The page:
At a White House ceremony later today, Dakota Meyer will become the first living Marine to receive the Medal of Honor for heroism in the wars in Afghanistan and Iraq. Meyer becomes the tenth recipient of the nation’s highest award for valor in those conflicts; all but two have been presented posthumously. Army soldiers Staff Sgt. Salvatore Giunta and Sgt. First Class Leroy Petry are the only other living recipients of the award.
The former Marine sergeant insists he is not a hero for repeatedly rushing into heavy enemy fire in an attempt to rescue four missing U.S. servicemembers pinned down in an intense hours-long ambush in eastern Afghanistan.
from the Medal of Honor citation:
When the forward element of his combat team began to be hit by intense fire from roughly 50 Taliban insurgents dug-in and concealed on the slopes above Ganjgal village, Corporal Meyer mounted a gun-truck, enlisted a fellow Marine to drive, and raced to attack the ambushers and aid the trapped Marines and Afghan soldiers. During a six hour fire fight, Corporal Meyer single-handedly turned the tide of the battle, saved 36 Marines and soldiers and recovered the bodies of his fallen brothers. Four separate times he fought the kilometer up into the heart of a deadly U-shaped ambush. During the fight he killed at least eight Taliban, personally evacuated 12 friendly wounded, and provided cover for another 24 Marines and soldiers to escape likely death at the hands of a numerically superior and determined foe. On his first foray his lone vehicle drew machine gun, mortar, rocket grenade and small arms fire while he rescued five wounded soldiers. His second attack disrupted the enemy’s ambush and he evacuated four more wounded Marines. Switching to another gun-truck because his was too damaged they again sped in for a third time, and as turret gunner killed several Taliban attackers at point blank range and suppressed enemy fire so 24 Marines and soldiers could break-out. Despite being wounded, he made a fourth attack with three others to search for missing team members. Nearly surrounded and under heavy fire he dismounted the vehicle and searched house to house to recover the bodies of his fallen team members.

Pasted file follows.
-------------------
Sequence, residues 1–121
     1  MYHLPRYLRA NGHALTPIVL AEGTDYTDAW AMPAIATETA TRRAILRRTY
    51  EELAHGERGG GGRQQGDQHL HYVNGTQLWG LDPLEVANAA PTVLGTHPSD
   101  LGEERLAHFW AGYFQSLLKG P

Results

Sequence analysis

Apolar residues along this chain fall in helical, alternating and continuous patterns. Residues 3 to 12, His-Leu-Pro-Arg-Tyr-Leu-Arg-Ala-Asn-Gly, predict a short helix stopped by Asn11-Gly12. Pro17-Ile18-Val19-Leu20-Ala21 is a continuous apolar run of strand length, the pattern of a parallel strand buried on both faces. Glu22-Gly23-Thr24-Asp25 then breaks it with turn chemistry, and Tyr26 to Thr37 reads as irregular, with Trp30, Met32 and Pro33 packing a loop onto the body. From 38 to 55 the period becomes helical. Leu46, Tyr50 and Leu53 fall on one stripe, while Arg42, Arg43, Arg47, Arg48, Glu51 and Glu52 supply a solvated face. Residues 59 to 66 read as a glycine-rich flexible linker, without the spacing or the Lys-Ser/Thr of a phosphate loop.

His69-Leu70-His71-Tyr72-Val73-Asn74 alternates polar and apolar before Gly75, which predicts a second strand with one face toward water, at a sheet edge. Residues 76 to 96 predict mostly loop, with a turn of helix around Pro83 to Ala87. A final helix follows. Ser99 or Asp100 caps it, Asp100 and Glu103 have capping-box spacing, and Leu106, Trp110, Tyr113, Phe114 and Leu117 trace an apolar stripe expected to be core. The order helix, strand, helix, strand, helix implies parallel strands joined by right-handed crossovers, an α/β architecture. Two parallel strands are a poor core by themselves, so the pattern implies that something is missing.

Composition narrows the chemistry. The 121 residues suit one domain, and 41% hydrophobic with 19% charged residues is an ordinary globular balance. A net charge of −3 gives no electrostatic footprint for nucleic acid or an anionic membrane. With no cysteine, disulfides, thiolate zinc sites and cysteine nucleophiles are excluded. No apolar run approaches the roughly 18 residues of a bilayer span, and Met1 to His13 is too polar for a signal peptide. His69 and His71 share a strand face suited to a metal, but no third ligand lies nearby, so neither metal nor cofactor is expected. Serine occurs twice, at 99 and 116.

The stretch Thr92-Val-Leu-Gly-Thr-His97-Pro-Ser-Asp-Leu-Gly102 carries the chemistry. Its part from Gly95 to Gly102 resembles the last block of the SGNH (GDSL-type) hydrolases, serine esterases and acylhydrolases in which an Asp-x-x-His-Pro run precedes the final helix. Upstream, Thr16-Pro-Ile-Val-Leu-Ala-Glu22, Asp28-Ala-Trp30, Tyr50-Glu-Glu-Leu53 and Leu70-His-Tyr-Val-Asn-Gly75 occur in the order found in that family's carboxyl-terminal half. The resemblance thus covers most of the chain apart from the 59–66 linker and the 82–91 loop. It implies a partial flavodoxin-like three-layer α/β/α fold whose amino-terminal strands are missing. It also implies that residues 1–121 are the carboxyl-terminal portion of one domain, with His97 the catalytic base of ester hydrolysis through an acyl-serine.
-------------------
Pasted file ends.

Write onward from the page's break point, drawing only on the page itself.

Disragarding your own safety and rushing into danger to save the lives of your brothers-in-arms? That's the very definition of being a hero, you frikkin' jarhead. HUAH!